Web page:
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Placester: What are your favorite tools out there for keyword research (free or paid)? Which do you use in your business?
Dale Bertrand: We use Google Analytics and Google Webmaster Tools to discover the keywords that are already driving traffic to a client’s website. KeywordSpy and SpyFu are wonderful tools to reveal competitors’ AdWords and organic keywords. Finally, we use Google’s keyword tool to perform keyword expansion, pull search volume and grab cost-per-click data.
P: What do you think is the biggest blocker preventing more marketing professionals from doing keyword analysis?
DB: Many traditional marketers (and some search engine marketers) don’t fully appreciate the value of keyword research. It’s easy to target the keywords that you believe best describe your service and skip the difficult persona development required to dig deeper. Also, keyword research is time consuming when done right. I budget 30 hours for keyword research for every client project.
P: Describe a specific case in which keyword research had a positive impact on your business or your customers.
DB: One of my clients runs a chain of preschools in the Boston area. The most obvious keywords to target would be “boston preschool”, “boston daycare” and “boston childcare”. Through keyword research, we discovered that parents were not using the term “boston” in their online searches for child care. Instead, their searches included neighborhoods within the city of Boston — e.g. “south end preschool” and “brighton daycare”. In this case, our keyword research effort saved us months of time optimizing our web content for keywords very few people actually type into Google.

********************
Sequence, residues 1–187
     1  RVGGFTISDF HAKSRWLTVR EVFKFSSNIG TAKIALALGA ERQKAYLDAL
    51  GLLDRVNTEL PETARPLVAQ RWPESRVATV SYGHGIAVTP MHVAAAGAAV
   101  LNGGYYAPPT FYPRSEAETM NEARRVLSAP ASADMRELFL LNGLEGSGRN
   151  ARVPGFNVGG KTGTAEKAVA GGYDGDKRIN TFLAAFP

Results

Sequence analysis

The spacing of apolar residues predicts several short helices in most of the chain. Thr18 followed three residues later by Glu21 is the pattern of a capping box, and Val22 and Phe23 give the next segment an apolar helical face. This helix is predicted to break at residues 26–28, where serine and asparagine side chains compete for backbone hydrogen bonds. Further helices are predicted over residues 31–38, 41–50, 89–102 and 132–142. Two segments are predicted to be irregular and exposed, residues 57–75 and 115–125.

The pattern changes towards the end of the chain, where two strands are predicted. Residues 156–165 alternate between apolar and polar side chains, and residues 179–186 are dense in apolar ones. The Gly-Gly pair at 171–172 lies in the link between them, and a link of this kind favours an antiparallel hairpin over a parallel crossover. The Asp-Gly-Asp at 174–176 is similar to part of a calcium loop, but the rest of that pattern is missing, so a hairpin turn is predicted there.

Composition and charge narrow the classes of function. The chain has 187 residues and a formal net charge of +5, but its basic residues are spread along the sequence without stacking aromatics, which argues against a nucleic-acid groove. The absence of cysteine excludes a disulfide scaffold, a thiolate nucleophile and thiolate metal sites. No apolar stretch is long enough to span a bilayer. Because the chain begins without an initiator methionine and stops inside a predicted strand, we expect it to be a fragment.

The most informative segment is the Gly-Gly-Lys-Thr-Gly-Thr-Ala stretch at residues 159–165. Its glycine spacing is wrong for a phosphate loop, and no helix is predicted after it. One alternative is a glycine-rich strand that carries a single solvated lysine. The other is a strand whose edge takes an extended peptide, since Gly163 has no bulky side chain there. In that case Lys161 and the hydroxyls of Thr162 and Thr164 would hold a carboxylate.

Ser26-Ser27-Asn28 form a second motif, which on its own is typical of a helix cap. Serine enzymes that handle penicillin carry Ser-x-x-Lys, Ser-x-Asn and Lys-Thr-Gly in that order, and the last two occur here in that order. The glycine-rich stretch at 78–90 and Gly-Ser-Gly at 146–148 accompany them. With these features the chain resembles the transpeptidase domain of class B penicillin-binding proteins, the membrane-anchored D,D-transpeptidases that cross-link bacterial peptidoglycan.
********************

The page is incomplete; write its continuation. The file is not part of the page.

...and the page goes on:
P: Any keyword analysis tips or tricks that you’ve found especially helpful?
DB: I recommend identifying competitors that appear to be sophisticated in the area of search engine marketing and identifying the keywords they are targeting. You can find a competitor’s keywords using a tool like keywordspy.com or spyfu.com. Also, try searching the HTML code behind their homepage for the “meta keywords” tag. In many cases your competitors will list their target keywords in this meta tag for all to see.
P: What’s your best piece of advice for real estate professionals who are just starting out with keyword research?
DB: First, remember that the goal of keyword research is to discover what your potential clients are actually typing into Google, so you can optimize the content on your site to target these keywords. I would start by jotting down every question a buyer or seller asks you. These questions are keyword rich. You should write up the answers for the questions you get most often and post them on your website.
Second, because real-estate is a hyper-local business, you should become intimately familiar with the names people use for every neighborhood, square, street and district that you serve. Write about all of them on your website. Keep in mind that unofficial names may be less competitive because they are aren’t used much in news articles and other online content.
You can get in touch with Dale at firstname.lastname@example.org.